Deanna Németh, Horticulture Sustainability Specialist
Although the past week brought some much needed rain, many locations in Ontario were experiencing prolonged dry soil conditions. These extended periods of very dry soil conditions can reduce Nitrogen (N), Phosphorus (P) and Potassium (K) availability to plants.
For N, low soil moisture decreases soil microbe activity. Microbes play an important role in breaking down organic matter and converting organic N to inorganic nitrate nitrogen, a process called mineralization. In dry soils with low N mineralization, there could be less plant available N in the form of either ammonium (NH4+-N) or nitrate (NO3–-N) nitrogen. In dry soils, the risk of NO3–-N loss through leaching or denitrification is reduced. While this means there is more soil N available to crops, plant uptake can be reduced. When the rains return there a can be a sudden increase in soil nitrogen. If this occurs late in the season it may be detrimental for perennial crops going into dormancy.
Reduced soil microbial activity in soils with low moisture can reduced organic matter decomposition and the mineralization of organic P to inorganic P. Phosphorus moves from higher concentrations in the soil to lower concentrations in plant roots by diffusion. As soils become drier, less diffusion occurs. This is because the water film around the soil particles becomes thinner, making diffusion to the plant root more difficult.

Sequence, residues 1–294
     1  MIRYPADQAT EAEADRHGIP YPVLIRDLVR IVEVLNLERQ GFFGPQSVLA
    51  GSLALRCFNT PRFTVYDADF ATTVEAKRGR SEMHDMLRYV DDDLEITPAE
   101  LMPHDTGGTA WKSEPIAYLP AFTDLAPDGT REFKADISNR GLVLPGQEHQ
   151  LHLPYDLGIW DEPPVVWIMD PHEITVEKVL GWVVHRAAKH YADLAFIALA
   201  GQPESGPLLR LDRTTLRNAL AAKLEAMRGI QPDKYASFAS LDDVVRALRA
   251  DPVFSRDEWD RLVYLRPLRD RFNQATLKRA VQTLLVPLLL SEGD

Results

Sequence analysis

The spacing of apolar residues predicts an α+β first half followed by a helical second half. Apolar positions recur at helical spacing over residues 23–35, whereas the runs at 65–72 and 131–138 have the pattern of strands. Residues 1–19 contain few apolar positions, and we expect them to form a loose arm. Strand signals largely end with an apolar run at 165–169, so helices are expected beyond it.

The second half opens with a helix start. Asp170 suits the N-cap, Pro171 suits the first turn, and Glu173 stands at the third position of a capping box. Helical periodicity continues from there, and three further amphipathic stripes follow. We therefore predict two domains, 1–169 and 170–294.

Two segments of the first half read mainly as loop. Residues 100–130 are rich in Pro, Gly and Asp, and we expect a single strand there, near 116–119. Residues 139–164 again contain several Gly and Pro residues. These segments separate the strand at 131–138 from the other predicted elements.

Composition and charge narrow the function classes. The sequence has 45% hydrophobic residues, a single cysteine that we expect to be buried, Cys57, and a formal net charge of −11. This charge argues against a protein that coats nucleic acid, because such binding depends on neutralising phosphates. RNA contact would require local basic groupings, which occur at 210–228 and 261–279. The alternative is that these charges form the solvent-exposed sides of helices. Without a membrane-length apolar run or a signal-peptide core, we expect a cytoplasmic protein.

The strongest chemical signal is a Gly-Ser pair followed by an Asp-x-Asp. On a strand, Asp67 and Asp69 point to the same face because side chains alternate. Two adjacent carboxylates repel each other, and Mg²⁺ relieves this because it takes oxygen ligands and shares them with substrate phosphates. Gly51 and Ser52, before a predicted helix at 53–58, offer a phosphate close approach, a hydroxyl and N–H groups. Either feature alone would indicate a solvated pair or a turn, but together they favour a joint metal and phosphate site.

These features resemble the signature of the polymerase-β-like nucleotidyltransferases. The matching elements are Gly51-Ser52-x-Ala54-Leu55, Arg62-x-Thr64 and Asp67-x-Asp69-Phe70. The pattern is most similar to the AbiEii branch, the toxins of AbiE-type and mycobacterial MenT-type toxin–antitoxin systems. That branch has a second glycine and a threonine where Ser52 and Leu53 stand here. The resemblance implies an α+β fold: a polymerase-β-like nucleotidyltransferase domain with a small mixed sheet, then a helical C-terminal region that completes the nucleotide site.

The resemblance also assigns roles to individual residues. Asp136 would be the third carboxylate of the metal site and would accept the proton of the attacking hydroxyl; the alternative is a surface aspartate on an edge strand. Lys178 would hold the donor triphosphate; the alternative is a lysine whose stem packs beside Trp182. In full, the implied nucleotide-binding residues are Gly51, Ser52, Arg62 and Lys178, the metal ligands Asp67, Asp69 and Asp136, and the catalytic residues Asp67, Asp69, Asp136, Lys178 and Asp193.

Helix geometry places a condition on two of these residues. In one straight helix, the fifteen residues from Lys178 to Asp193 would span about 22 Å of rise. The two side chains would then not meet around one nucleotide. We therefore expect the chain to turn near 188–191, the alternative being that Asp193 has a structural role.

Decreased movement of K to the plant roots occurs in dry soil. As soil dry, clay minerals become dry and shrink, trapping K tightly between mineral layers. Once trapped, K is unavailable to plant roots for uptake. This K is released and plant available again when the soil moisture increases. Reduce K uptake during extended dry soil conditions can show up as low K levels in tissue samples or high K levels in a post-harvest soil sample. Taking soil samples in a dry year and comparing it to normal years can provide valuable information to for what to expect if future dry years occur again.
Crop nutrient removal in dry conditions
Plant N, P and K uptake under extended periods of dry soil conditions may be less. As a consequence of this it is likely that nutrients applied from fertilizers and organic sources may still be available the following year.
Soil testing in the fall of 2016 is the best to estimate the remaining nutrients available for the next 2017 crop. In dry years, a recent soil sample is a better estimation for next year’s crop nutrition program than a sample that is older (e.g. more than 3 or 4 years old).
A fall soil test will help in accounting for nutrients carried over from 2016 to the 2017 crop.
Nutrients that could be carried over and should be credited from one year to the next include:
- Mobile nutrients like nitrate nitrogen, sulfate, and boron in the soil
- Immobile nutrients previously applied like phosphorus, potassium and zinc
- Nutrients in crop residues
For more information, contact:
Deanna Németh, Horticulture Sustainability Specialist, OMAFRA
Christoph Kessel, Soil Fertility Specialist, Horticulture, OMAFRA
- Soil and Fertility Handbook. OMAFRA Publication 61, 2006
- IPNI Plant Nutrition Today, W. M Stewart, No. 7, Fall 2012